Earlier this month, Rio Ferdinand was given a fantastic birthday present when new Argentina coach Diego Maradona turned up at Manchester United's Trafford Training Centre in Carrington to catch up with Carlos Tevez. Maradona handed the England defender a signed shirt to cap his 30th celebrations, and it has surely taken pride of place in his home, alongside his ever growing collection of medals and international caps.

In 2008 alone, Ferdinand has been an integral member of the United side that won two of the toughest and most prestigious prizes club football has to offer: the English Premier League and the UEFA Champions League. Now the Londoner is hoping to add the FIFA Club World Cup to that list before the year is out.

Speaking exclusively to FIFA.com, Ferdinand focuses on the night in Moscow which booked United's place in Japan, his progression as a professional and why Roger Federer and Nelson Mandela are his heroes.

FIFA.com: Rio, can you recall the moment when Sir Alex Ferguson asked you to be Manchester United captain for the UEFA Champions League final?
Rio Ferdinand:
He didn't do it in a specific way, he just named the team and obviously because Gary [Neville] and [Ryan] Giggs weren't playing, I was the captain. It was as simple as that really. But it's funny, I didn't think about the significance of potentially picking up the trophy until we won the game and someone came to me saying: ‘You have to get the team over to the stairs'. It was then the significance hit me, and it was quite an emotional moment. There's certainly been no prouder moment in my career.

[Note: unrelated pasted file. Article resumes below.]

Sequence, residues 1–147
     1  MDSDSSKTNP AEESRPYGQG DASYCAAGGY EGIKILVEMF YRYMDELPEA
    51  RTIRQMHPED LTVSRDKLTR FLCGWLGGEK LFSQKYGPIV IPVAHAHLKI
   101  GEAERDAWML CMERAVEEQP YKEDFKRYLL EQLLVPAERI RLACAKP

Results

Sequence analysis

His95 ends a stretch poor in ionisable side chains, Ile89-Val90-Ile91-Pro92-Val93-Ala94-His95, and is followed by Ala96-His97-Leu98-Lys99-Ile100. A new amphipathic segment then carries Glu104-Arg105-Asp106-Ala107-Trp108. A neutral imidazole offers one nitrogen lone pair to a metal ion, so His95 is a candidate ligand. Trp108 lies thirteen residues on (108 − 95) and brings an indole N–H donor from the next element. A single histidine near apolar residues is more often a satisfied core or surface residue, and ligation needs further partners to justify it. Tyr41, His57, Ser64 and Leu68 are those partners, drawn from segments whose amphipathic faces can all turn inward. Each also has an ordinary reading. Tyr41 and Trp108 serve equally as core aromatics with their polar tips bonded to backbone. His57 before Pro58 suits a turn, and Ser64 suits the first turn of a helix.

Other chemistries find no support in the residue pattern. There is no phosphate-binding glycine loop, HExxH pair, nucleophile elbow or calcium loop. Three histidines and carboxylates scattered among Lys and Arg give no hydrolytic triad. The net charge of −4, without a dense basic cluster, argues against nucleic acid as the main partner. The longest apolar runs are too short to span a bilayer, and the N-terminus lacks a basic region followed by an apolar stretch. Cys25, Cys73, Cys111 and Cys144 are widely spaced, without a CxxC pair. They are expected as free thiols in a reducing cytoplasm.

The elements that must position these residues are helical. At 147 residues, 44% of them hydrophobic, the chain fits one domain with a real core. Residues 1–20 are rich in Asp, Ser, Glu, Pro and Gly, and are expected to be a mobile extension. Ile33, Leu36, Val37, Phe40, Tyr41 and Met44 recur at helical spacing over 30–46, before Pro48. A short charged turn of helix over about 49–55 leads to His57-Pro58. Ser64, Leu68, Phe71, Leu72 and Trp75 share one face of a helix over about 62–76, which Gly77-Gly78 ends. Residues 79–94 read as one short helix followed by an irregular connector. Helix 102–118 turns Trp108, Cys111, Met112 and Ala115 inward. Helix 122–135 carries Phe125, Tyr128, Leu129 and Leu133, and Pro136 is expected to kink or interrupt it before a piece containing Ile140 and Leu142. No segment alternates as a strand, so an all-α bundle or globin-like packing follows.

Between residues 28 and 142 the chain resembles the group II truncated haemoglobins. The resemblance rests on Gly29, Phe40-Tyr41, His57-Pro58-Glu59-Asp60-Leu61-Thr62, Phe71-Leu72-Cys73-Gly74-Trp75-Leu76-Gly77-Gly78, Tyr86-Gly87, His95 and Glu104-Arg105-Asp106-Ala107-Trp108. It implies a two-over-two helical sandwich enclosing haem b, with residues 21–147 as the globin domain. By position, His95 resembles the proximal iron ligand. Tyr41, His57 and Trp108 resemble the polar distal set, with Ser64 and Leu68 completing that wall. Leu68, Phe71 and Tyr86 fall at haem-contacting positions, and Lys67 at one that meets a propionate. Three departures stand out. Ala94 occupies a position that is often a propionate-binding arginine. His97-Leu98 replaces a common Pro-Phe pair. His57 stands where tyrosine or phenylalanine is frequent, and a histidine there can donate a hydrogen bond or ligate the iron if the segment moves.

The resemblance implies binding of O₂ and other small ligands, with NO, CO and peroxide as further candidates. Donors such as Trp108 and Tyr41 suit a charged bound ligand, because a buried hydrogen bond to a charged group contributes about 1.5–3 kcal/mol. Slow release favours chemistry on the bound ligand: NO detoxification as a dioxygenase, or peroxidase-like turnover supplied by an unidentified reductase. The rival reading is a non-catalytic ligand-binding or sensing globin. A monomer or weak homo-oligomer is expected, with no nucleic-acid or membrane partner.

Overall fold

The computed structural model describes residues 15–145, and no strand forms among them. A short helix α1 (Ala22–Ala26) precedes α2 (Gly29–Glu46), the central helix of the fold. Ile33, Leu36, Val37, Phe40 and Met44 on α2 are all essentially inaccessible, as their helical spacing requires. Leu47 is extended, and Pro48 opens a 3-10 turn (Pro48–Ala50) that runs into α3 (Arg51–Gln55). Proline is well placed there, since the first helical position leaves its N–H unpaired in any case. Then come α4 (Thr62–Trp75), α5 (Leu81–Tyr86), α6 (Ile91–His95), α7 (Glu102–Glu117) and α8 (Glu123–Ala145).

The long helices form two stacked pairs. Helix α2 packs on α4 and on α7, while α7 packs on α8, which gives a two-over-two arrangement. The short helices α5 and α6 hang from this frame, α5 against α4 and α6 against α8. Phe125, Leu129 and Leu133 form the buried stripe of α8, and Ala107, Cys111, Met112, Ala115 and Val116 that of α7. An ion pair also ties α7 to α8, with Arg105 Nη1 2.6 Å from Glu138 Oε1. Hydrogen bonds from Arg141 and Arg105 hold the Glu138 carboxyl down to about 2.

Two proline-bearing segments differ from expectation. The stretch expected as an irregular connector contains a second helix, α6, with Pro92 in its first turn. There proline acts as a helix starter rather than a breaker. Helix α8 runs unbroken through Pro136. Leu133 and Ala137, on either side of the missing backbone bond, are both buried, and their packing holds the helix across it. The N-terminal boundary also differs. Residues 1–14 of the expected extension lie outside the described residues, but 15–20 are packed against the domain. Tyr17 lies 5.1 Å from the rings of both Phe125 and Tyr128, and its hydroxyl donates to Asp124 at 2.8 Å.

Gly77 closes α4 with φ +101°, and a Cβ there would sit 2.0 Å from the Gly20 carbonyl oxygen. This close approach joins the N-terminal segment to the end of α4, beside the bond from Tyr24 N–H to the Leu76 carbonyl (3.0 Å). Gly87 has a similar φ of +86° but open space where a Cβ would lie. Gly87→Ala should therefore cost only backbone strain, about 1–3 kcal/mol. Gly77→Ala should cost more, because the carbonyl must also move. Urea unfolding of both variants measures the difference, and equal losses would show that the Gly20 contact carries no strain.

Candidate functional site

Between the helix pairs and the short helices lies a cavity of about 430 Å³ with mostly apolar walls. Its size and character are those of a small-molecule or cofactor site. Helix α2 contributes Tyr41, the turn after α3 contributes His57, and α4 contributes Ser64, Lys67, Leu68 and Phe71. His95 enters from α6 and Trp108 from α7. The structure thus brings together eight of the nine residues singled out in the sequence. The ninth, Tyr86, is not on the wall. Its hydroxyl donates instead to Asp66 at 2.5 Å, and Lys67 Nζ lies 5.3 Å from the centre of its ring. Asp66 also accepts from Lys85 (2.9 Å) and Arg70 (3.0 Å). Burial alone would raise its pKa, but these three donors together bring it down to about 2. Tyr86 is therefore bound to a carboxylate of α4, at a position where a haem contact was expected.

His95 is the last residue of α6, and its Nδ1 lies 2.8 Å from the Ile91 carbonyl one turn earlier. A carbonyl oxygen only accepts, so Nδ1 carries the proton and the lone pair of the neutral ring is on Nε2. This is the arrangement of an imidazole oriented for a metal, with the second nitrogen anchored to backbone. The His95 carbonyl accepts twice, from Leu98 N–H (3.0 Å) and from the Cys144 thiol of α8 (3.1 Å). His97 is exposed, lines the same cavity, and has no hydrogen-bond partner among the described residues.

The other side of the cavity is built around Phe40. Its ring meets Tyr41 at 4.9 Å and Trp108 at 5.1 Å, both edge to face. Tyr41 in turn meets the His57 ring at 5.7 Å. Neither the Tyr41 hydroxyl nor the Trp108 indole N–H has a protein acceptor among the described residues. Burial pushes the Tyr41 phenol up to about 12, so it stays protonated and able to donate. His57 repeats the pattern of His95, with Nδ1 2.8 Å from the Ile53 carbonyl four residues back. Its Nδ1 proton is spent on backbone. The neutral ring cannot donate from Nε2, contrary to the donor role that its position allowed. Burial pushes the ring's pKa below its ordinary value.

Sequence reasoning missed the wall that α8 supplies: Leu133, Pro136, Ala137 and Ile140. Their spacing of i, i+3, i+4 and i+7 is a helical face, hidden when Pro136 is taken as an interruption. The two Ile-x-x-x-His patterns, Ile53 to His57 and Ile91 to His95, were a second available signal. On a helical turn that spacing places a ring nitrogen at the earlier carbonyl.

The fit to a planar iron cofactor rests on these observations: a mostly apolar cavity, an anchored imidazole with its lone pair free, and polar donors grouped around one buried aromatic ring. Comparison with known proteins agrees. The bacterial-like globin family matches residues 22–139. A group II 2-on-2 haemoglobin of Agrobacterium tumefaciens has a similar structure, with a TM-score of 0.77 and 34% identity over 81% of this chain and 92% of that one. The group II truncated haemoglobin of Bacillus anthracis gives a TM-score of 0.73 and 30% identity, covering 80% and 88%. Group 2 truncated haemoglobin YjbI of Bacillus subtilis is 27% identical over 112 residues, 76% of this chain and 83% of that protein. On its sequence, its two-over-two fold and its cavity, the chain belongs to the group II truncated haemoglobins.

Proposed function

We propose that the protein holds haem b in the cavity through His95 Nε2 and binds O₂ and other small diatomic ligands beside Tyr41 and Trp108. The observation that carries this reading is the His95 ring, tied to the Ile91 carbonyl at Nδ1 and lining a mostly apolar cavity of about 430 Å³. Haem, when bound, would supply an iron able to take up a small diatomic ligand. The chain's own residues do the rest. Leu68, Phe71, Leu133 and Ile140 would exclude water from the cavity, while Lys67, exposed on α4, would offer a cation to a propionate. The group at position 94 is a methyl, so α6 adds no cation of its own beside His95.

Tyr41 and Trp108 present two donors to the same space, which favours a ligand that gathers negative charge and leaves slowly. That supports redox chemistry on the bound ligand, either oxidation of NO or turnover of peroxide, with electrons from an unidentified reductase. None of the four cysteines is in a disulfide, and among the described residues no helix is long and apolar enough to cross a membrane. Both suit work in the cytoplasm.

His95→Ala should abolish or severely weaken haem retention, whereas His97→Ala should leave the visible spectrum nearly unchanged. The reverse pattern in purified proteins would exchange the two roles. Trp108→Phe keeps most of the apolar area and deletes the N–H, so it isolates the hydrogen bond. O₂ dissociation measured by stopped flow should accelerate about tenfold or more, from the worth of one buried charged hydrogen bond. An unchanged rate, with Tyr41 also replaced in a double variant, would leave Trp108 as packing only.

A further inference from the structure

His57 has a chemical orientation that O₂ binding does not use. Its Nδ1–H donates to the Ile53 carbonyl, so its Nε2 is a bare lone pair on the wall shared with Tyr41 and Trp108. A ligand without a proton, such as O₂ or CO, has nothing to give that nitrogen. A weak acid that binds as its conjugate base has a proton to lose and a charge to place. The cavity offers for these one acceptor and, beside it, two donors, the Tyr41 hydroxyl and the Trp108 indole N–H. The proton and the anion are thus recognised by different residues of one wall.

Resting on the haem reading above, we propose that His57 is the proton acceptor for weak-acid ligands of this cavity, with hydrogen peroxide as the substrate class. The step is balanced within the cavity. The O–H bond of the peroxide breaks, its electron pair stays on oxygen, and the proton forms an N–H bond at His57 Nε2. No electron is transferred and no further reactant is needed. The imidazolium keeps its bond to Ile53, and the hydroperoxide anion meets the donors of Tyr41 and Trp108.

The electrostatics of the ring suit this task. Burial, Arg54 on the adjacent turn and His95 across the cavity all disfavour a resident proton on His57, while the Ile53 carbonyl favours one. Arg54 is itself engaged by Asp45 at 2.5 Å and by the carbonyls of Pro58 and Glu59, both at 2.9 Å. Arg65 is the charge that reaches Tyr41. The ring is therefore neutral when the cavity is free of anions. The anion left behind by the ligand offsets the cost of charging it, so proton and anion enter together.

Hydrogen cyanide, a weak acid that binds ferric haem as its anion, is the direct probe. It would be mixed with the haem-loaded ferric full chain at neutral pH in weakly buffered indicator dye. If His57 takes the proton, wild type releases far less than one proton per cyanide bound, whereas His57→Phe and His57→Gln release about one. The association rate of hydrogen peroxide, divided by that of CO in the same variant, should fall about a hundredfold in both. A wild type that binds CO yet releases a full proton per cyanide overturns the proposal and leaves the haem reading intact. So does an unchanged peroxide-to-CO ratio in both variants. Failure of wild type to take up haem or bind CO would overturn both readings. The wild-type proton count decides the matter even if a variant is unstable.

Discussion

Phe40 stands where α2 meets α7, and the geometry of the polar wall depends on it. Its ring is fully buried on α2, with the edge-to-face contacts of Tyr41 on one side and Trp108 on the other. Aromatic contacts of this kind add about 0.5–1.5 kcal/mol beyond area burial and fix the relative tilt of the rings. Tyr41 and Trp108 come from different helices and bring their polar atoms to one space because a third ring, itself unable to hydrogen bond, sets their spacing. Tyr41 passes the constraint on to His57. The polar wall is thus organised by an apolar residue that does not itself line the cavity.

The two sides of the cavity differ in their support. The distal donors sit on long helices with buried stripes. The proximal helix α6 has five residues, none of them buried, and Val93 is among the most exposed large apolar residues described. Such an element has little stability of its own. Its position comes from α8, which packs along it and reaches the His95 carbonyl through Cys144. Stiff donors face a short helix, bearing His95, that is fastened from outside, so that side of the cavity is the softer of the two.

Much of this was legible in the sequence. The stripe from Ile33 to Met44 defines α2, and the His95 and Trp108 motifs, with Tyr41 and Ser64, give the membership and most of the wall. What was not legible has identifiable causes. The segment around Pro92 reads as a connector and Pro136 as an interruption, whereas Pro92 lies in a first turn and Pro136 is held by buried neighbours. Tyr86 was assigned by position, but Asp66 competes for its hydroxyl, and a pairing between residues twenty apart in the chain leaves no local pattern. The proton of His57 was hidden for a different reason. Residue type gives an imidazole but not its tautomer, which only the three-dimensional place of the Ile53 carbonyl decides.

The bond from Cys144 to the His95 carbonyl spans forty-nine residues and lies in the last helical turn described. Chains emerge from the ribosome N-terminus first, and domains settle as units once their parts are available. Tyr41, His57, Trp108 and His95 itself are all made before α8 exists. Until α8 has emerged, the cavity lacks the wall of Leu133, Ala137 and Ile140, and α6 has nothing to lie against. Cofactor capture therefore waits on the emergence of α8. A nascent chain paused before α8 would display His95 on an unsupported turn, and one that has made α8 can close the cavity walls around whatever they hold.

Does captaincy change the way you play?
Not really. There's more responsibility obviously, but if you're given the captain's armband and you change the way you play dramatically, it will take away from the performances which won you the captaincy. If you are handed the captain's armband, it's because the manager thinks that you're playing as a leader, so you're better off continuing with the way you usually play.

The job must be easier for United and England because you're in a team surrounded with leaders.
That's true, because those players have a desire and a hunger to win. United have a very vocal squad and that's coming with England now too. I think it's important for a successful side.

Obviously you lifted the trophy with Giggs, who scored the winning penalty, but who was next in line?
It was me! All the time I was focused on where I was going to put the ball and mentally running through the scenario in my head. But in the end, I didn't have to. I was very nervous I can tell you, but also very grateful to Edwin [van der Sar] for saving the last one.

Do you get nervous before big games such as these?
The last time I got nervous before a big match, or when I allowed the occasion to get the better of me, was probably the Brazil-England game in Japan at the 2002 World Cup. If I'm able to have a good build-up to the game and keep to a particular routine, I don't tend to get nervous.

You mentioned Japan there- you'll be heading back there next month. What are your memories of going there as a footballer?